these will reenact Mary and Joseph's search for shelter during their Biblical journey from Nazareth to Bethlehem. In
the story, the pair were helped through the cold and dust by an otherworldly guide, and this guardian angel, too, in
colorful plaster and paint, has made the trip from the church to be here on this humble street in Mexico City.
Our hostess has been busy – the tree inside is glowing with lights, gift bags of alternating red and silvery green are
filled to the brim with peanuts, candy and snacks for the kids, flowers are everywhere, especially at the Virgen de
Guadalupe's altar to the left of their living room entrance. There are not one, but three pinatas ready, to be won later in
the evening at the right whack of a carefully taped broom handle.
As everyone gathers, the children take candles, the adults take sparklers for later. Two parishioners take up the heavy
palanquin. The procession begins, their symbolic journey tonight a long and arduous one. Pausing at a first, then a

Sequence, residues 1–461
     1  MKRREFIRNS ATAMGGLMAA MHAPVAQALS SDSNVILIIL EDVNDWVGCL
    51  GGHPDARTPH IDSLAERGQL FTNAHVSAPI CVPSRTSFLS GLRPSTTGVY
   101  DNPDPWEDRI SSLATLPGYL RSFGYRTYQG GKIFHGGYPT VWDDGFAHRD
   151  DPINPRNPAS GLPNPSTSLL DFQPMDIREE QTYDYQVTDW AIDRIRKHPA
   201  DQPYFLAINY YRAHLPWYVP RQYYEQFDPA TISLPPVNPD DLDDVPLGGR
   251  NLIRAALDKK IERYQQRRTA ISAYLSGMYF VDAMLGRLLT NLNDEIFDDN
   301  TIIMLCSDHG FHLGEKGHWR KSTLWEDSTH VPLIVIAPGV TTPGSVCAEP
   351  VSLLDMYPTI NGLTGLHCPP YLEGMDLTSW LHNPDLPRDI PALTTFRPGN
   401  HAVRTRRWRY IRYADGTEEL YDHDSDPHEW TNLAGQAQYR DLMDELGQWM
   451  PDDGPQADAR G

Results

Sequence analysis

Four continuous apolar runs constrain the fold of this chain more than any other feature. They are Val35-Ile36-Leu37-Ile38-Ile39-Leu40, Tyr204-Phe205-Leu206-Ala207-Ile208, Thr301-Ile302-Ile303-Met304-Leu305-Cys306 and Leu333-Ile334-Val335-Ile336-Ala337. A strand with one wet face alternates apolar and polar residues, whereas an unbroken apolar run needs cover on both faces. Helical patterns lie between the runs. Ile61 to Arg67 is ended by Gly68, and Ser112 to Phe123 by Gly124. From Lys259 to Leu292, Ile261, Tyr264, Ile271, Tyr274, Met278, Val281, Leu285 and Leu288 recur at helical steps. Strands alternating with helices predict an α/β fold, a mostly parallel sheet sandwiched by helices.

second doorway, the group outside the gates, the “peregrinos,” trade touching verses in song with the “hosteleros,”
the innkeepers, inside:
This article continues on >>> our Mexico City page!
'B-Boy" Dancers, Mexico City
At times it feels like all Mexico is on the move, streaming toward the Basilica as if
magnetised, disheveled, defiant, on knees bent and shoes scuffed from miles and miles
of trudging along unforgiving concrete. For this will be a celebration, the “Dia de la Virgen
de Guadalupe,” patron saint of Mexico, and these are the true believers, the “peregrinos.”
They come for many different reasons, profound and personal, to find something, to forget
something, or to fulfill their “manda,” solemn promises made in public or in private. One
wish unifies them all, that they on this day can claim a place close to Guadalupe, who
embodies at once the Christian Virgin Mary, the Aztec earth goddess Tonantzin, and
everything else that is seen to be good and miraculous in this vast, complicated country.
From Puebla, from Hidalgo, from far-flung states or the outskirts of the Distrito Federal,
from tiny towns and devout congregations, every year “peregrinos” save up to make this